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'Extreme Stress' Killed Magnitsky, Suspect Says

Dmitry Kratov, former deputy head of the Butyrka prison, faces a maximum sentence of five years in jail for negligence over Magnitsky's death.

A prison official on trial for negligence in the case of Sergei Magnitsky, the anti-corruption lawyer, has claimed the whistle-blower's death in custody was caused by "extreme stress."

Dmitry Kratov, former deputy head of the Butyrka prison, said Magnitsky had needed neither serious operations, hospitalization, nor any other special attention during his time in detention in an interview with the Moskovsky Komsomolets newspaper published Friday.

Magnitsky, who had accused officials of massive tax fraud, had written to the authorities protesting about denial of medical care and cruel and degrading treatment. The lawyer died in jail aged 37 in November 2009.

Kratov denied allegations of medical neglect. He said that although Magnitsky showed no need for hospitalization, he had sent the lawyer to a special therapeutic unit in the jail in October 2009, where he spent 39 days.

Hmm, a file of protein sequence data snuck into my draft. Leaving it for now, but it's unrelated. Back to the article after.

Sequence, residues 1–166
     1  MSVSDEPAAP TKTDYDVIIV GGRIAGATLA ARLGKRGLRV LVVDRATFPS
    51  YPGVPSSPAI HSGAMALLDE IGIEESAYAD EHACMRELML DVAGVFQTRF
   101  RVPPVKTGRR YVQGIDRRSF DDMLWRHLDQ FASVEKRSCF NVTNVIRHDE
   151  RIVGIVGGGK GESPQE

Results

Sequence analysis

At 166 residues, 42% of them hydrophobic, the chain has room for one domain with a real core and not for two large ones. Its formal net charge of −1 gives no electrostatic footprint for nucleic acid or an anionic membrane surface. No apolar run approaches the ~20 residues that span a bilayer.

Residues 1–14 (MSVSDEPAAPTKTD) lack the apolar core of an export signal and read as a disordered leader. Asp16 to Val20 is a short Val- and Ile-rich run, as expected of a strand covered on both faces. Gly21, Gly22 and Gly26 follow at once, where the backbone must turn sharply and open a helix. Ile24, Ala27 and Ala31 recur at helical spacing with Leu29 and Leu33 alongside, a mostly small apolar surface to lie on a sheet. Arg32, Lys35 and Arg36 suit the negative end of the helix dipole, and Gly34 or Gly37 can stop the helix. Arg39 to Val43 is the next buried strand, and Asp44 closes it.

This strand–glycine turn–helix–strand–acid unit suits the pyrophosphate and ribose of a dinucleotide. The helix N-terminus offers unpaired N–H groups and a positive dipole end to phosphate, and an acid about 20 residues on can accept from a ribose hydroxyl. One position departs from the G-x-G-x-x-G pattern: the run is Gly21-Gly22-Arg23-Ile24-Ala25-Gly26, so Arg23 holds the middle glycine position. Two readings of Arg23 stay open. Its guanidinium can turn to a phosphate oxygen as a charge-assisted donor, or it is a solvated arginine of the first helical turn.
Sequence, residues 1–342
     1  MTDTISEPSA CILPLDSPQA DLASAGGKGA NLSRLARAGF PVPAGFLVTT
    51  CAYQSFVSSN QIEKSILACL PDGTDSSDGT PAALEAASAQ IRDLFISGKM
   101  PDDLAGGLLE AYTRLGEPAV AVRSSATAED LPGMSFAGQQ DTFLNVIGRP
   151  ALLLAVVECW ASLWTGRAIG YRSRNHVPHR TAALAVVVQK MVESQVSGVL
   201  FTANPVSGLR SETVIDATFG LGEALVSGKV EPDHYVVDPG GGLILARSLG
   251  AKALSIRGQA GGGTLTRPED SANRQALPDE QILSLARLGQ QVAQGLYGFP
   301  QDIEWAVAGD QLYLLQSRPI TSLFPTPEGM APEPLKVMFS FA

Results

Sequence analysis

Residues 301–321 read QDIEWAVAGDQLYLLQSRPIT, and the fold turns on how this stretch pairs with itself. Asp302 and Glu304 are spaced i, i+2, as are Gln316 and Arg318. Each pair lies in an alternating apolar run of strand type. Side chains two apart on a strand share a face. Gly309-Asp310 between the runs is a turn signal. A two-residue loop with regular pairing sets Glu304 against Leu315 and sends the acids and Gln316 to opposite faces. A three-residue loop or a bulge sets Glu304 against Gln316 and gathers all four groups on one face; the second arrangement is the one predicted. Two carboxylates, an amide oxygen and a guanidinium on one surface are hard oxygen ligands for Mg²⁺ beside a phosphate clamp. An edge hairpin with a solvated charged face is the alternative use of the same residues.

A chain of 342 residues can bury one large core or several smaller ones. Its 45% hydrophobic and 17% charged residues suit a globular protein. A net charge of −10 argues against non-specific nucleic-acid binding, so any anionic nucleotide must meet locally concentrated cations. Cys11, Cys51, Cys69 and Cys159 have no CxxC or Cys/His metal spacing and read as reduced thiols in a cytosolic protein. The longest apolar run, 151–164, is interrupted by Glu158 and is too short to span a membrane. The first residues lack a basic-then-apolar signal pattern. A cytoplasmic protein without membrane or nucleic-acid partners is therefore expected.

"I know that Magnitsky did not even have pancreatis. It was cholecystitis [gall stones]. But Magnitsky did not die from this. Magnitsky died from congestive heart failure," he said. "This can be provoked by extreme stress. And this has been confirmed by serious professionals."

Kratov appeared at Tverskoi Court on Friday charged with failing to fulfill his duties in relation to the death of Magnitsky.

A lawyer representing Magnitsky's family told journalists that Kratov should be on trial for murder, rather than negligence, Interfax reported. Murder charges carry a maximum sentence of 15 years' imprisonment, whereas the maximum for negligence is five years.

At Friday's preliminary hearing, the court turned down the family's application to return the case to prosecutors to consider a murder charge.

A report by the Kremlin's human rights council published in July 2011 found that Magnitsky had been "completely deprived of medical help" before his death, with evidence suggesting he had died as a result of a beating.

The findings prompted then-President Dmitry Medvedev to describe the lawyer's death as "probably criminal."

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